None of these business problems have anything to do with the merits of open source, which will need to be measurable in terms of revenue growth and cost savings to a for-profit company. This is the sort of conservative worst-case analysis the executives in a for-profit corporation have to do concerning the core assets of the company.
They can't afford the risk to the brand of instability (or the perception of instability) of the Windows or Office products with their enterprise customers. The hardware compatibility list and application compatibility matrix are enormous. The cost of the regression cycle is huge. What happens to product stability once the code is in the wild? The Windows tree is not the Linux tree. The Windows tree is akin to an entire mainstream Linux distribution, except with a tightly integrated code base. (At least product stability drives piracy, rather than the potential loss of customer confidence that may arise when competing versions of Windows-like platforms appear.)
They can't afford the legal risk of an injunction on the core revenue generator of the corporation. Accepting contributions from developers into the code base has the perceived risk of intellectual property taint. What would an injunction on the core revenue-generating product mean to Microsoft while it struggles to evolve a community? While they live with the risk every day from their own developers, it is not a risk space they necessarily want to expand.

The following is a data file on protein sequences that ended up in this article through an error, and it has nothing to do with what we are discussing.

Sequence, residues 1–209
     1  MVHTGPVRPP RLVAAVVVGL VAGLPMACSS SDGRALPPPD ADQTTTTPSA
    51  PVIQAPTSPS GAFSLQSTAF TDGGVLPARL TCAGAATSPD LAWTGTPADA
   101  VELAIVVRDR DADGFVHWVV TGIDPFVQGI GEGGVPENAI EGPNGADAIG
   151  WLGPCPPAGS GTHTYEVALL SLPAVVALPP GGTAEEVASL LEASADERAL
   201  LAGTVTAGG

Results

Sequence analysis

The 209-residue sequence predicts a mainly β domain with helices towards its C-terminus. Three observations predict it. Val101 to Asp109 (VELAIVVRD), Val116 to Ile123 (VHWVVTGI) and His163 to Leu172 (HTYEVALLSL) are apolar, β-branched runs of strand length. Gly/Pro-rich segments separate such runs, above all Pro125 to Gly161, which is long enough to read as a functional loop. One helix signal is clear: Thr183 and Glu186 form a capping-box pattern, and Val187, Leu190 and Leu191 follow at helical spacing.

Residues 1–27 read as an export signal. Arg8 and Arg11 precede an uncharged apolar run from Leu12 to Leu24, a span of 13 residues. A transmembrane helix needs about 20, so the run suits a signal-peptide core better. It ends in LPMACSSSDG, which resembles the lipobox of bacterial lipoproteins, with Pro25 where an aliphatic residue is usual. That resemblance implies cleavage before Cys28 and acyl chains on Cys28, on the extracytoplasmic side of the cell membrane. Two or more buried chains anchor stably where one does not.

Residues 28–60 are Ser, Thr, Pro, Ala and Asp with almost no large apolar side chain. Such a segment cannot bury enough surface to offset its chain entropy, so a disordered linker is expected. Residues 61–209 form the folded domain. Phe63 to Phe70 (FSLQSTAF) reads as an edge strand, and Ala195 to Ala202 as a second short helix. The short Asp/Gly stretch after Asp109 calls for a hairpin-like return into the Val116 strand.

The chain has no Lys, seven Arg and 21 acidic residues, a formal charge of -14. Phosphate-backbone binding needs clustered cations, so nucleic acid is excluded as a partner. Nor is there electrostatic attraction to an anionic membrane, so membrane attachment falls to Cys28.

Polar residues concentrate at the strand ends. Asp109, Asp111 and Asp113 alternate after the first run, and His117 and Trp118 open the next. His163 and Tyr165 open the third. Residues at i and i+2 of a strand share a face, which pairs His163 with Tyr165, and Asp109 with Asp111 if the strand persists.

It's not that certain for-profit companies haven't successfully delivered a primary asset as open source. Both Red Hat and MySQL are growing companies (one public and one not yet). Both companies' primary software is open source--but they started from an open source base and grew forward, rather than starting from a closed binary product space and opening it up.
Put down the chainsaw, take a deep breath, and step back. It turns out there are other things Microsoft can release under more liberal--even OSI-approved--licenses as part of the Shared Source Initiative.
When you think about Microsoft and software and open source (and Shared Source), don't think of this as strictly a mechanism for product code. The reality is that Microsoft has a breadth of source code assets and artifacts. The spectrum starts with complex code assets for the core revenue-generating products (Windows and Office), and the "minor" products (relatively speaking). Then there's the rest of the software artifacts of the corporation. At a glance there are:
Moving along the spectrum to look at other Shared Source programs, there are more open licensing terms, easier eligibility, and more interest in taking code back into the project. Experiments that appeared on GotDotNet workspaces had fairly open licenses associated with them along with the Shared Source branding.